Each PBS TeacherLine facilitated course section has no more than 30 total learners, allowing our experienced facilitators to ensure a manageable course size for discussion and collaboration.
The design and structure of the PBS TeacherLine course is based on best practices and research that highlight the importance of online learning communities. The instructional content is a blend of multimedia resources delivered to improve participant attitudes and practices through weekly assignments, readings, model teaching video, discussion boards, and opportunities for reflection.
A course is divided into Six Sessions. The facilitator will guide learners through one session per week for a six-week term.
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Learners who drop a course before 12:00 AM Eastern Time on the start date, will receive a full refund of their paid course price. This will show as 'Dropped' on the Learner's profile and no grade will be displayed.
Learners who drop a course on the start date, or within the first seven days of the course (before midnight Eastern Time on the 7th day of the course), will receive a refund of 80% of their paid course price. This will show as 'Dropped Late' on the Learner's profile and no grade will be displayed.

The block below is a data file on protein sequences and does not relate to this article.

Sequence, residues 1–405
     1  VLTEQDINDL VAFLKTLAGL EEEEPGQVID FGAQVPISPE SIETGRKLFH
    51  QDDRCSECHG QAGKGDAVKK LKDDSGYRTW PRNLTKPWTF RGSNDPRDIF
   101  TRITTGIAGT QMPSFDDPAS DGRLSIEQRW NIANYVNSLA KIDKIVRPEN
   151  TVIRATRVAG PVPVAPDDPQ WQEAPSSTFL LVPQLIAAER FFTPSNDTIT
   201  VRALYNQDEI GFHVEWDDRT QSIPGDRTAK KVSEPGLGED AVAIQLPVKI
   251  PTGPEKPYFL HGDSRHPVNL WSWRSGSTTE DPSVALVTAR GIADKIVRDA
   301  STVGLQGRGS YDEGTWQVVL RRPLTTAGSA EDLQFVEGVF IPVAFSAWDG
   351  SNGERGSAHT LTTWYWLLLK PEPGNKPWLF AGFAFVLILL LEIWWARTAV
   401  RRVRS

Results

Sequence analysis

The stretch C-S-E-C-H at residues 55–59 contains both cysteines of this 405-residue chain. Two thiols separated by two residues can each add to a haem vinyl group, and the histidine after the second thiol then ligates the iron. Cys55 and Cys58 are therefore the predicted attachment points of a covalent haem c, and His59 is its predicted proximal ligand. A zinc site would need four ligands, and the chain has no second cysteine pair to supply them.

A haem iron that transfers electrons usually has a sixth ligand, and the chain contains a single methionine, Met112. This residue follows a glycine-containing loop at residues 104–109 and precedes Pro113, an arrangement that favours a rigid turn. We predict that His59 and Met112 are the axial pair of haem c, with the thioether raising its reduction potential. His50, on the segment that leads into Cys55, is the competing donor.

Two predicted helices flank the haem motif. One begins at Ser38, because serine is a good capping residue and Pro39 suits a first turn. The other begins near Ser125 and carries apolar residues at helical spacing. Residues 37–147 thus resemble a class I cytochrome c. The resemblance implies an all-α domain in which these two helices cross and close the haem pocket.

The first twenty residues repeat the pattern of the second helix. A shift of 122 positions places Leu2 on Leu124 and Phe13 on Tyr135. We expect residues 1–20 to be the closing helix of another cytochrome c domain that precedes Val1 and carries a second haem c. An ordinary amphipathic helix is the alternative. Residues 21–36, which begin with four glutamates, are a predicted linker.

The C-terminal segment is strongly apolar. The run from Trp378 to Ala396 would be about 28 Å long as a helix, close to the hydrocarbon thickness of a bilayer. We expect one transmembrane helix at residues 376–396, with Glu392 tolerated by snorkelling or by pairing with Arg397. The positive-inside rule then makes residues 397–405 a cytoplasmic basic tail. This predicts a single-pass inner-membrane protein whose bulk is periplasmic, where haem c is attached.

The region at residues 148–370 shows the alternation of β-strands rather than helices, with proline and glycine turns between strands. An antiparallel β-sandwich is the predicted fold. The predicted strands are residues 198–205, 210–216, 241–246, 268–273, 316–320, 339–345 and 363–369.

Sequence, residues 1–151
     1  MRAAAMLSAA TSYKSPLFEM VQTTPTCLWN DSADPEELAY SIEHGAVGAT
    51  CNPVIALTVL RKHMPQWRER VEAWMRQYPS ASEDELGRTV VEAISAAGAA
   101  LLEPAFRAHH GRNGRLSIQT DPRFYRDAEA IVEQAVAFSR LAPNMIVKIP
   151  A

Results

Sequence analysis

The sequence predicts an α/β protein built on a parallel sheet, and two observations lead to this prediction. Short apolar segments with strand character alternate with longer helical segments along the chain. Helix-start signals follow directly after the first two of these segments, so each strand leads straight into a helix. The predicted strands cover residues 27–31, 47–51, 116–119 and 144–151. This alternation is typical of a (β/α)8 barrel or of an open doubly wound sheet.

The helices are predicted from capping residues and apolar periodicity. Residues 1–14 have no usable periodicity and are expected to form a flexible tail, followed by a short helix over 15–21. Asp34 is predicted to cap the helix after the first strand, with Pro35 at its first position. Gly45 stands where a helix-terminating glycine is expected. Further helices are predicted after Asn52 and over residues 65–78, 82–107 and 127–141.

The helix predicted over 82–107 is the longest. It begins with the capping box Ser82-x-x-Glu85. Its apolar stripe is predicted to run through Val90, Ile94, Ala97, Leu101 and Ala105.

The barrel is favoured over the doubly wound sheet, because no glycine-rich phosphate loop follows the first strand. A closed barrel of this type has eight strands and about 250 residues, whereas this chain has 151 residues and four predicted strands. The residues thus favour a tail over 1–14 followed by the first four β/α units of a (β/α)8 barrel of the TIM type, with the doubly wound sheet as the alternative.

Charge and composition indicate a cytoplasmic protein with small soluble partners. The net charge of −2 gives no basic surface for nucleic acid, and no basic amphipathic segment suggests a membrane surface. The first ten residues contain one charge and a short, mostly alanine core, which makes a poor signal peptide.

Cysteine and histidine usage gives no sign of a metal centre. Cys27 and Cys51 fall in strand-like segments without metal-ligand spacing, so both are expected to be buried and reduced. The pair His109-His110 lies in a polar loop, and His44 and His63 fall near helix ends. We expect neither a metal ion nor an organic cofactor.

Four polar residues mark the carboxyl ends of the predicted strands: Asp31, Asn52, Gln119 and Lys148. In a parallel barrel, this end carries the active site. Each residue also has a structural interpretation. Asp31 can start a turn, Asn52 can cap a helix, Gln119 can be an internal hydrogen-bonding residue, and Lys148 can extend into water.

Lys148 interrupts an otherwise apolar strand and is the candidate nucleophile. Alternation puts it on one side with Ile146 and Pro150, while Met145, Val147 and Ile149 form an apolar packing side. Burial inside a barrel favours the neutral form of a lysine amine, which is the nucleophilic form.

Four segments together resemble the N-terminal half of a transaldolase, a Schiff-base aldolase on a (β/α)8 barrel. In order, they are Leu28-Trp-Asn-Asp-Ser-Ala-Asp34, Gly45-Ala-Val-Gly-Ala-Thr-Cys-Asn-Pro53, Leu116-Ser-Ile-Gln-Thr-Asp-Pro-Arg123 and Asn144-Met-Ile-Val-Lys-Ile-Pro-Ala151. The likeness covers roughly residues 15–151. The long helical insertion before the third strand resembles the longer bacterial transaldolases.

Learners who drop a course after 12:00 AM Eastern Time on the seventh (7th) day of the course will not receive any refund. This will show as ‘Withdrawn’ on the Learner's profile and no grade will be displayed.
Learners who cannot continue a course after the 7th day of the course should withdraw from the course so the 'earned letter grade' does not display on the Learner's profile.
PBS TeacherLine will process refunds due to Learners approximately five business days after the drop date. Learners will receive a confirmation email when dropping a course, and another, once the refund has been processed.
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Milly has been a PBS TeacherLine Facilitator since 2006. Certified to teach middle school mathematics, science, Milly taught in the classroom for 35 years, and was an adjunct professor for mathematics, education, and technology courses. Milly has presented at NCTM and VSTE conferences and was her school’s Teacher of the Year. Milly thinks that collaboration among teachers and requiring teachers to reflect on their own classroom teaching are aspects that make TeacherLine courses effective PD. With a Master of Arts in Teaching Mathematics, Milly looks forward to helping teachers develop better math teaching skills. In her spare time, Milly is a Woodturner!